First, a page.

Sunday sundry


Some faith-related entries of note from my blogroll. Not all of these are recent, but all are worth your time and attention.

Christian Persecution Blog reports that this is a national weekend of prayer for the people of Darfur, in Sudan. You'll find some additional background information here.

David Wayne, the Jollyblogger, has posted a review of I Don't Have Enough Faith to Be an Atheist, by Norman Geisler and Frank Turek.

Marsupial Mom has been writing about her journey from the word-of-faith movement to Reformed (Calvinist) theology. She recommends a video series and book by R. C. Sproul called What Is Reformed Theology? And her husband chimes in with a sketch of his spiritual background and journey, some things he appreciates about Reformed theology, and more recommended reading.

Michael Spencer writes about his first pastorate, which was in a small church. He began with optimism.

And then....I was taken for a ride in a truck. Mr. So and So, (not his real name) says, "Now you know I give more money than anyone else in the church don't you?" The shine was off of Mikey's new toy. (Actual true story.)

It didn't take long to discover that I was pastoring a network of extended families, and if I were going to do anything here, I was going to have to memorize a map that was never printed; a map of who mattered, who had power, who called the shots, and whose blessing would determine my support.

His health and family suffered during his four years at the church, which has run through three more pastors in the 13 years since he left. Spencer writes that thousands of pastors face the same situation at small churches "that are nothing more than 'family chapels,' gatherings of family and cultural loyalty where the question of ball caps in church becomes a major division and an ugly testimony to the disunity of Christians." He understands why young pastors prefer to start new churches and bypass the kind of politics he had to deal with, but he says we can't write off small churches, which remain the spiritual home for a large proportion of Christians.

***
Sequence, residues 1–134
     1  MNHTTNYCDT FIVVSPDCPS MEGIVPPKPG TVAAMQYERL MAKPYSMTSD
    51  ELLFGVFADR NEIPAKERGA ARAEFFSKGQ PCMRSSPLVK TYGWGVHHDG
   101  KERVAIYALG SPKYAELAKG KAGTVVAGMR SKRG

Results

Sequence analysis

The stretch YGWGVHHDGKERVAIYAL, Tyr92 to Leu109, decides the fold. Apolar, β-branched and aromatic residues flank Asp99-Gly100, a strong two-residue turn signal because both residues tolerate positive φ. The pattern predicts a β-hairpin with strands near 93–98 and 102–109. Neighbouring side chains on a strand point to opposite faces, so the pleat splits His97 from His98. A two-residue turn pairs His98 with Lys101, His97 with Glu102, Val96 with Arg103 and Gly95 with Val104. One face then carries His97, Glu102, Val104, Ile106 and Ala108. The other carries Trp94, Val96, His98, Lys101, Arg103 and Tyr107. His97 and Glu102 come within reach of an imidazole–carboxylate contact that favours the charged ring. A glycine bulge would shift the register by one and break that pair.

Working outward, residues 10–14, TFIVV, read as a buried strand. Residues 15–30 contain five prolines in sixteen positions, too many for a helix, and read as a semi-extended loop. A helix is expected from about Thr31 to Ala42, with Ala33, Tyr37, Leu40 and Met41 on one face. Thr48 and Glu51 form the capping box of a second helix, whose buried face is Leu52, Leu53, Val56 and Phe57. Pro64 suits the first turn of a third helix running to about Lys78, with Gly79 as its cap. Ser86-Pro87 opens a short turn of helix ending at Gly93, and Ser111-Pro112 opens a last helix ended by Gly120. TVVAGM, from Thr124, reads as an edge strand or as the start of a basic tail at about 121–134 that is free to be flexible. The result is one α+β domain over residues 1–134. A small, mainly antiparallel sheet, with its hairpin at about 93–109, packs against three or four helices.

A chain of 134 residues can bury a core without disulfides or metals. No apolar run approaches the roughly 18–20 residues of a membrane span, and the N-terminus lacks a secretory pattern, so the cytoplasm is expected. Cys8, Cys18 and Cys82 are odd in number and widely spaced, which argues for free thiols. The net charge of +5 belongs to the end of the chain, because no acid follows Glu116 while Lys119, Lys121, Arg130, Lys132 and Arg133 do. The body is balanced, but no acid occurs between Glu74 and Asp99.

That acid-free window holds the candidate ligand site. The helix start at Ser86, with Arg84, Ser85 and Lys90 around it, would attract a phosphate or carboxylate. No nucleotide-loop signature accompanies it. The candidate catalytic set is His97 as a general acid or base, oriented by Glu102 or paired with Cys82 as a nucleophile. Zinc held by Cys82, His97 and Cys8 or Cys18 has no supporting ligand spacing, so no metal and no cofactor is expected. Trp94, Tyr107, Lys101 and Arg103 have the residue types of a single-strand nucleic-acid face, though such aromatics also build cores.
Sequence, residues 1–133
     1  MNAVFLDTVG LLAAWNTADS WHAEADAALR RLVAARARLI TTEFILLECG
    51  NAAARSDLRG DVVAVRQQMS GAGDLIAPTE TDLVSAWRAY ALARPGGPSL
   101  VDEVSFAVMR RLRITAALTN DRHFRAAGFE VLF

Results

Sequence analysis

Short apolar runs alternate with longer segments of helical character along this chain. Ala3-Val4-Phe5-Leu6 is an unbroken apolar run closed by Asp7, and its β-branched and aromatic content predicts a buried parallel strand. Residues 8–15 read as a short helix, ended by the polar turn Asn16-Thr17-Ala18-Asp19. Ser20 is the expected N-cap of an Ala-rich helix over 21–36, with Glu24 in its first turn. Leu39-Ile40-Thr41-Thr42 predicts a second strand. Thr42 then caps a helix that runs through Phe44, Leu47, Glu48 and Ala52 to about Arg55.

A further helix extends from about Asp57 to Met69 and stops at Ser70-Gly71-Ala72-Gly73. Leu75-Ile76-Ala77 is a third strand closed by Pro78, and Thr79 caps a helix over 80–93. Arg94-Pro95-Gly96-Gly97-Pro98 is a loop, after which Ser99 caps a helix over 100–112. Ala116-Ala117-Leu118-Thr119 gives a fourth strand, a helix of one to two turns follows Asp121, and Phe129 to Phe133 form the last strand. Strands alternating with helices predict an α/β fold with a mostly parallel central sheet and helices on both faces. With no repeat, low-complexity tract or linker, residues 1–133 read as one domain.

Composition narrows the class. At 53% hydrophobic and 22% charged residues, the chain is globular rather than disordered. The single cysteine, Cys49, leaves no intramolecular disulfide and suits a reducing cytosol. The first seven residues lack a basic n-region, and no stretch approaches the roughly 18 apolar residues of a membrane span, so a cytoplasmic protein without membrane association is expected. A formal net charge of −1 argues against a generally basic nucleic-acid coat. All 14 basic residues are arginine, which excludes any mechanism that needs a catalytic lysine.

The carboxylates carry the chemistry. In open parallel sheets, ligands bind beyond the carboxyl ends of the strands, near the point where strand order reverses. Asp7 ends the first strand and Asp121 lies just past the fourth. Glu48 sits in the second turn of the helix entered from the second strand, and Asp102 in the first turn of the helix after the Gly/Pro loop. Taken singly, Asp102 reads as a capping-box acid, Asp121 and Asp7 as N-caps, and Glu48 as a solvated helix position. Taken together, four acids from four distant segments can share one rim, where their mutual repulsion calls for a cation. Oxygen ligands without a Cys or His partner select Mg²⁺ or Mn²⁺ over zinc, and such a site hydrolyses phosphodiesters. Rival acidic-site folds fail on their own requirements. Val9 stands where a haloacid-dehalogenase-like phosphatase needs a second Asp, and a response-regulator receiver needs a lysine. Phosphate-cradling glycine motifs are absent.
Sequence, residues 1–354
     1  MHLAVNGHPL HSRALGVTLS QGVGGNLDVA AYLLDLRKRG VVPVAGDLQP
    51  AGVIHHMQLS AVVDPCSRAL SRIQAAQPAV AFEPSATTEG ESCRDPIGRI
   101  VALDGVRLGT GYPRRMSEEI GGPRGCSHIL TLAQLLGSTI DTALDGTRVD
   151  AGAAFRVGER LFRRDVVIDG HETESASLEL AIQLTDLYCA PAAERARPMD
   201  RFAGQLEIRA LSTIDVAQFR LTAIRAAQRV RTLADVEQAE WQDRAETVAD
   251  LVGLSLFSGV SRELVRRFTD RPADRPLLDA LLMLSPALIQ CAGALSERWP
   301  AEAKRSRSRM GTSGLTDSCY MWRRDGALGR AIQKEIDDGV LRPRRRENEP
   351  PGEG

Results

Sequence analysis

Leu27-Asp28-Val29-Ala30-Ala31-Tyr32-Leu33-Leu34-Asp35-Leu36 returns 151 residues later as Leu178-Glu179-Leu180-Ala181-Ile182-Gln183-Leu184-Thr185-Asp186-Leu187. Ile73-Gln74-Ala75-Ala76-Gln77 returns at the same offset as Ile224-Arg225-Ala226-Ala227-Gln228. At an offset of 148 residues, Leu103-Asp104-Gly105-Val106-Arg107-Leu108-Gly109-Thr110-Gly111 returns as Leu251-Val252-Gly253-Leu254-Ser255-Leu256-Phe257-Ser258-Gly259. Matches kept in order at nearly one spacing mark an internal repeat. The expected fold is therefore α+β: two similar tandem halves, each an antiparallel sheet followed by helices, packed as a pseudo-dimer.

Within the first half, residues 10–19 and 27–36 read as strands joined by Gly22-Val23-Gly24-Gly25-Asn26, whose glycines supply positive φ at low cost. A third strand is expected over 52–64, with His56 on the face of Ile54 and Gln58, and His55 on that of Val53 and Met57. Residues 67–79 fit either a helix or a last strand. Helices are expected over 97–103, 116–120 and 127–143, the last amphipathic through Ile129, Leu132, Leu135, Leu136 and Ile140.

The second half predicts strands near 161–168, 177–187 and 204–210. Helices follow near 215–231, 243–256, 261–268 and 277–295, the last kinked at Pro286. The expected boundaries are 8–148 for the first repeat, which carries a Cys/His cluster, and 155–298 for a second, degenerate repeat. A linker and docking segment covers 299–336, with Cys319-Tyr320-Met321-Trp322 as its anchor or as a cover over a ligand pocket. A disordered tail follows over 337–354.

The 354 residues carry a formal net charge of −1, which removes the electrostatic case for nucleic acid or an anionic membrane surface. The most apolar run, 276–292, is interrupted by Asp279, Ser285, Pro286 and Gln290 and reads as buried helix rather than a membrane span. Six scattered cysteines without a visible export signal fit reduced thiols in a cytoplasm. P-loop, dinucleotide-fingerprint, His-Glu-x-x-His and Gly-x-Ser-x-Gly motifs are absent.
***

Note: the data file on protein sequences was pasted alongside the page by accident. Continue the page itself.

Phillip Johnson measures the crisis in "Fad-Driven" modern evangelicalism by the length of Jan Crouch's hair extensions. He also recalls a special dinner with Esther Ahn Kim, a Korean Christian who suffered persecution as a Japanese prisoner during WW II for her refusal to bow before a Shinto shrine. If you haven't already, you'll want to read about his trip to London, particularly his account of the day of the terrorist bombings and his visit to Bunhill Fields, the burying place of John Bunyan, William Blake, John Owen, and Thomas Bayes, the mathematician whose theories are hard at work fighting spam nowadays. The best way to read it all is to go to his July archive, start at the bottom, and work your way up.

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This page contains a single entry by Michael Bates published on July 17, 2005 2:38 PM.

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